The other measure which will affect many shooters directly is the proposal to revise security conditions to provide four grades of security, proportionate to the risk involved in the type and number of firearms being secured and the extent of public access. It is suggested that details of the new rules be worked out by a special committee of persons with appropriate expertise, after consulting user groups. The changes are likely to result in additional cost for many shooters. However the Review found that from the lowest to the highest areas of risk, there was an unacceptable laxity in the present arrangements, and has recommended higher standards of security, to be set out in simple and clear terms, and regularly monitored. [Part 6.1.3]

Who Should Implement the Reforms?

Much of the business of firearms administration requires database management skills and other skills which are uncommon within the police organisation and not part of core police business. This points clearly to contracting out registration, licensing and fees collection to people with expertise in these areas.

More fundamentally, the Review concludes that it would be difficult for the Police to change the attitudes which have time and again led them to defer arms work until other responsibilities were met, or to implement major changes with the energy and enthusiasm which successful implementation must require. The pressures of other work on the Police are at least as great today as on any of the previous occasions when competing pressures operated to displace the reasonable needs of arms control. For all these reasons, the report favours setting up a Firearms Authority, either on a permanent basis, or with a five-year sunset clause.

The long-term method of firearms administration is a matter for the Government. Whichever arrangement it may prefer, the reform process should be managed by a body which is not part of, nor controlled by, the Police. A special-purpose Authority with the sole objective of advancing firearms control should provide:
  • informed management of firearms administration by persons with skills appropriate to that business;
  • separate accountability for its performance;
  • ongoing monitoring and research into firearms regulation;
  • a customer-service orientation; and
  • the better use of modem technology to improve effectiveness. [Parts 6.4 and 6.3.7]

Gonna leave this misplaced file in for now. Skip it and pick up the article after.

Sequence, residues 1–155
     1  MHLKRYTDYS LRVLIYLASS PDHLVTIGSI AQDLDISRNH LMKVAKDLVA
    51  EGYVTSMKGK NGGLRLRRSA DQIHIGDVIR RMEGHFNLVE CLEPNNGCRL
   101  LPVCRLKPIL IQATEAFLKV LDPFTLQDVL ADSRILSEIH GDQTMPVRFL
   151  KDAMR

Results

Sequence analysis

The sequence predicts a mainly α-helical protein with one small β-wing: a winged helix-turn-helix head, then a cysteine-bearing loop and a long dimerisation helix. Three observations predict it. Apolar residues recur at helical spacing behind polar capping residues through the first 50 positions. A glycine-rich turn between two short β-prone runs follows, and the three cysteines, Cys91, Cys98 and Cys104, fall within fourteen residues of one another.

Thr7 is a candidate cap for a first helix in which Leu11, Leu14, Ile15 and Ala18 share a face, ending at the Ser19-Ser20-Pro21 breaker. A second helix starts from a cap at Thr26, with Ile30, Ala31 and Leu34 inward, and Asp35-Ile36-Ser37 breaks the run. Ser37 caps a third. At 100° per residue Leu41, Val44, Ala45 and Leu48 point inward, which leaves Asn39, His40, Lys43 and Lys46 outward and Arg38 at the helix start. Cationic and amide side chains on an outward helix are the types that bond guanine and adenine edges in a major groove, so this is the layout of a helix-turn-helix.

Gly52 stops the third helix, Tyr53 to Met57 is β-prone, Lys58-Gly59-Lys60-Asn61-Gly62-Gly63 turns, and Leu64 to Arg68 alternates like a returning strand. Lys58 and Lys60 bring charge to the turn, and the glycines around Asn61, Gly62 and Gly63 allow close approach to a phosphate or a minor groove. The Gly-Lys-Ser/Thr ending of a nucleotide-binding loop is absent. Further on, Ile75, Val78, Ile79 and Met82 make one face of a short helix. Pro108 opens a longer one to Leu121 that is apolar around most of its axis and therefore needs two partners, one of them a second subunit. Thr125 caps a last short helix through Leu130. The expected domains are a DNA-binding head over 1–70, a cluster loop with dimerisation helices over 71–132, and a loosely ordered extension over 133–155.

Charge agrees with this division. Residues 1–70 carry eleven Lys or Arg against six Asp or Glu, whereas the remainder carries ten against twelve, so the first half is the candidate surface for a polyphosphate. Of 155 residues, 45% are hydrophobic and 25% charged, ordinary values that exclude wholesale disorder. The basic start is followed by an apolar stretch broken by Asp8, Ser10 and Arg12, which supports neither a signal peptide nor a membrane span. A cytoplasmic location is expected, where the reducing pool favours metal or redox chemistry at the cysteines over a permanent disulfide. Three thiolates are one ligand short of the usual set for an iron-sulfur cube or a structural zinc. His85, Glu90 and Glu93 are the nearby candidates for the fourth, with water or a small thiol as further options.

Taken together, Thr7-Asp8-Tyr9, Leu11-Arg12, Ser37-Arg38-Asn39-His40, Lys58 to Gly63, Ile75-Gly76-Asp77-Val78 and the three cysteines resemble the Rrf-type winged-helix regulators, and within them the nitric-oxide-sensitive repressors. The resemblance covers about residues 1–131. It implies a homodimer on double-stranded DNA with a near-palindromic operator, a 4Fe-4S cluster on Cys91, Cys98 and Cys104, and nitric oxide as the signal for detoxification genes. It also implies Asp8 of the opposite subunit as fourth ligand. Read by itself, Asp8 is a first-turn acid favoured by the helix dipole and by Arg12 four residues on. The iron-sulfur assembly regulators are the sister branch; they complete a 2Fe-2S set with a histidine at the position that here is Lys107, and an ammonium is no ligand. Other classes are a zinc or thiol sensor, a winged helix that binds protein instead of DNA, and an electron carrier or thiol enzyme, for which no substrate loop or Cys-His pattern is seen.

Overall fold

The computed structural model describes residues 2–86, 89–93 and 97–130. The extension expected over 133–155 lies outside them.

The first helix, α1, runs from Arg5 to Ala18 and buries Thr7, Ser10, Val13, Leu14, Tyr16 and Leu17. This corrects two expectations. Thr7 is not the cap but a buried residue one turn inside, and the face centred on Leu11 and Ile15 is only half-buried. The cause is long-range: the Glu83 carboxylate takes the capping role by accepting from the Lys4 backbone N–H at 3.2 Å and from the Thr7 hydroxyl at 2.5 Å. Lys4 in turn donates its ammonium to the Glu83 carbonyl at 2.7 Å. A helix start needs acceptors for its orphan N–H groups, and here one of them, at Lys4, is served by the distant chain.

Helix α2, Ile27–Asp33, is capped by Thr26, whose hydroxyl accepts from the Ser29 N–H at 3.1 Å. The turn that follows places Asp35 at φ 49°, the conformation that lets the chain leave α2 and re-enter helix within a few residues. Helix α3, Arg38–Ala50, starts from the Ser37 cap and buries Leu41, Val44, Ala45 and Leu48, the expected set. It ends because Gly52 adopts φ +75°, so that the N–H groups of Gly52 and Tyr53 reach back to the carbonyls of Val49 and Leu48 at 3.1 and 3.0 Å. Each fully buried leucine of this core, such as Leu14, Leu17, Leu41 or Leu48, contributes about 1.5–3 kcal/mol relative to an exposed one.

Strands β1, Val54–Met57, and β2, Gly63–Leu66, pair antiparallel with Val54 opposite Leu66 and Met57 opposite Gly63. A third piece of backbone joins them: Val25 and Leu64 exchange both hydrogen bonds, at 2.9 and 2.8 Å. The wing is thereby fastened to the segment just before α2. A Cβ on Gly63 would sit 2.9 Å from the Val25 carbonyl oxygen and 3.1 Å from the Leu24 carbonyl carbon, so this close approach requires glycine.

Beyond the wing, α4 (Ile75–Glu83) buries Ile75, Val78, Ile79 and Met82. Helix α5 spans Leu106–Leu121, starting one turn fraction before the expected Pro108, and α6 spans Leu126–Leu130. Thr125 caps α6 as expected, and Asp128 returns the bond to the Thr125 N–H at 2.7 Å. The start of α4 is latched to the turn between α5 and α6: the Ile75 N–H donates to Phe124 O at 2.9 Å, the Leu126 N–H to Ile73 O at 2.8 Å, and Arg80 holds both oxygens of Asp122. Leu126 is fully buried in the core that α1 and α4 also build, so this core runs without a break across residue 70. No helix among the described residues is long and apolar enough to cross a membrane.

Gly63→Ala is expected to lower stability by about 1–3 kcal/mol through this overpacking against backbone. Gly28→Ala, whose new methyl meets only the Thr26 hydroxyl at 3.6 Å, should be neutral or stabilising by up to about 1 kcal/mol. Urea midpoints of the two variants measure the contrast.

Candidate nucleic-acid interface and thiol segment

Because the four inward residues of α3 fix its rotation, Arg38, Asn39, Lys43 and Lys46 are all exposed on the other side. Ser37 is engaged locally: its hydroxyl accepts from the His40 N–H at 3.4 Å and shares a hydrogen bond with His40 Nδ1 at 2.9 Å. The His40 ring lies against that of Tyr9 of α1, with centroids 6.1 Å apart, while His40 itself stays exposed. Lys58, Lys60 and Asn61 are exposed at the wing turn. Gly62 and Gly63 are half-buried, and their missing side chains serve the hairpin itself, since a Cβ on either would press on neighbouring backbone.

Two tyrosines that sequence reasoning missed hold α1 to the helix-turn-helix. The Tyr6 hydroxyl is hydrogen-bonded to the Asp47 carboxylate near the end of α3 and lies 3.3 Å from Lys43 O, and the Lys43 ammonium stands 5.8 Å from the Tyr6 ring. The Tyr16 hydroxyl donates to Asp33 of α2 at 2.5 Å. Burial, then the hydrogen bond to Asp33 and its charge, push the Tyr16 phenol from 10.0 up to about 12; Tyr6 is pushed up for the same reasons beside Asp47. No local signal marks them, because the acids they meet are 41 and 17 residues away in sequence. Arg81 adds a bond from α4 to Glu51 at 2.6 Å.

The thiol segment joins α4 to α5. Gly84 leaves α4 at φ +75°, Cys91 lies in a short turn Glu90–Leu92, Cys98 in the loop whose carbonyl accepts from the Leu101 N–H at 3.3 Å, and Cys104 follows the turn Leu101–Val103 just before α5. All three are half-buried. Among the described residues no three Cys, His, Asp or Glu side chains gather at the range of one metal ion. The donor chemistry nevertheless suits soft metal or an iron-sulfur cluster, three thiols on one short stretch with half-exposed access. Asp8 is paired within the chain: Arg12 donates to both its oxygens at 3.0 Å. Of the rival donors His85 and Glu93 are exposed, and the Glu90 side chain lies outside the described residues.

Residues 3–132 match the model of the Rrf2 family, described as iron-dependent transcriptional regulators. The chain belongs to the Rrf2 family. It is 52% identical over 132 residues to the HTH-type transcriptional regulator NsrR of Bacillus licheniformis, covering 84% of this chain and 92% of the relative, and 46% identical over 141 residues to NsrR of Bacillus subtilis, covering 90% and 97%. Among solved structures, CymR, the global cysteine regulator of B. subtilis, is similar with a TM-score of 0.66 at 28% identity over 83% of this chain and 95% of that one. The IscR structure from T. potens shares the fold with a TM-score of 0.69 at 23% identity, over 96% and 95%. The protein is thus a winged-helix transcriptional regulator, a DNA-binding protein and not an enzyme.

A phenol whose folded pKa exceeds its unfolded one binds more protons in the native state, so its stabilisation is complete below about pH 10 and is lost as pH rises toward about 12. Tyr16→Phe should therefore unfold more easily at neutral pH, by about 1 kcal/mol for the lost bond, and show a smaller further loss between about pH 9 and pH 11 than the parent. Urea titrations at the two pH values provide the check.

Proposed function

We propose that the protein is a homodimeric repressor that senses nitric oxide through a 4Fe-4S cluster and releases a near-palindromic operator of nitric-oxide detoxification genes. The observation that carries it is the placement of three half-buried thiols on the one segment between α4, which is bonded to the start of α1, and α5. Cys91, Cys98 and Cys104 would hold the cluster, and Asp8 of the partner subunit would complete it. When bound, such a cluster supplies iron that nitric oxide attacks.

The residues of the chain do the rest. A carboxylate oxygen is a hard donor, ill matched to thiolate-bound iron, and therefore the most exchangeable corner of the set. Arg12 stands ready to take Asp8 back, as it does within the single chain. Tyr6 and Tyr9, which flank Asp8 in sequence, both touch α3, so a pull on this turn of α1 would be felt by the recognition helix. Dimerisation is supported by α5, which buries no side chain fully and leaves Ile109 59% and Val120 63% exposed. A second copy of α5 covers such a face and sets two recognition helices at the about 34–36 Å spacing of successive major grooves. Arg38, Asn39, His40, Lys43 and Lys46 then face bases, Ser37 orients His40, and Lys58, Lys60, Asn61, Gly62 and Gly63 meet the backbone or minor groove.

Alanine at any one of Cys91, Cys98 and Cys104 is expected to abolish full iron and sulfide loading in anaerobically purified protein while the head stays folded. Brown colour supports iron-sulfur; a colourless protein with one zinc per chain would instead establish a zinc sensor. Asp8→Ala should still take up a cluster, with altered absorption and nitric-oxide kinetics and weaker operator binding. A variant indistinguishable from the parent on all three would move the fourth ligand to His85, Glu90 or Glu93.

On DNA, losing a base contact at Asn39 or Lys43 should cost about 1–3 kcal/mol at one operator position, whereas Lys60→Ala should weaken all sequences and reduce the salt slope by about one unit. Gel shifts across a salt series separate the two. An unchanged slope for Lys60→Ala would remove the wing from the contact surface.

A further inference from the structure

Around the world concern about firearms is growing, and evolving. There is continuing discussion within the "public health" community on the subject of firearms control. The UN Commission on Crime Prevention and Criminal Justice is actively promoting measures to limit arms trafficking and to strengthen domestic gun control systems. The proposed Authority will need to keep abreast of those developments, and take advantage of the experience of others who are pursuing similar goals. In particular we should be able to get useful assistance from the reforms proceeding in all the Australian States, which involve changes to a wide variety of pre-Port Arthur systems.

Reform of firearms law must take time, and can best be advanced by a staged programme of reforms. As more base data becomes available, and as overseas developments unfold, it will be possible to refine and develop the options proposed in the Review.

First Steps Towards Comprehensive Reform

As the first steps towards comprehensive reform, the report recommends that the Government:
  • establish a Firearms Authority as soon as practicable, and not later than 31 December 1997;
  • allocate additional resources to complete current re-licensing and the follow up of non-responders by 30 June 1998;
  • declare a general amnesty for a period of 12 months commencing at the earliest convenient date;
  • determine the extent of any ban and buy-back, and authorise the new Authority to manage it over an appropriate period in 1998; and
  • direct the new Authority to assist in the drafting of new firearms legislation based on the Review's recommendations by 31 December 1998, with the intention of bringing a new Act into force by 1 July 1999.
Longer-term developments

Longer-term development of effective controls will need:
  • the collection of sound data about the numbers, use and misuse of firearms in this country, a task attempted, but only partly completed, by this Review;
  • the definition of detailed reforms which relate to that information;
  • the management of the reform process by an Authority having the reduction of misuse of firearms as its principal purpose and objective; and
  • the citizens of New Zealand, shooters and non-shooters alike, being satisfied:
    that the present level of misuse of firearms should not be accepted; and
  • that while there is no ground for expecting that closer controls will provide an immediate and major reduction in firearms misuse, they are a necessary step towards that goal. [Part 7]



Back to Thorp Review of Firearms Control in NZ Index
 

Standing back from the specific issues it is clear that there is a need for a totally new approach to firearms control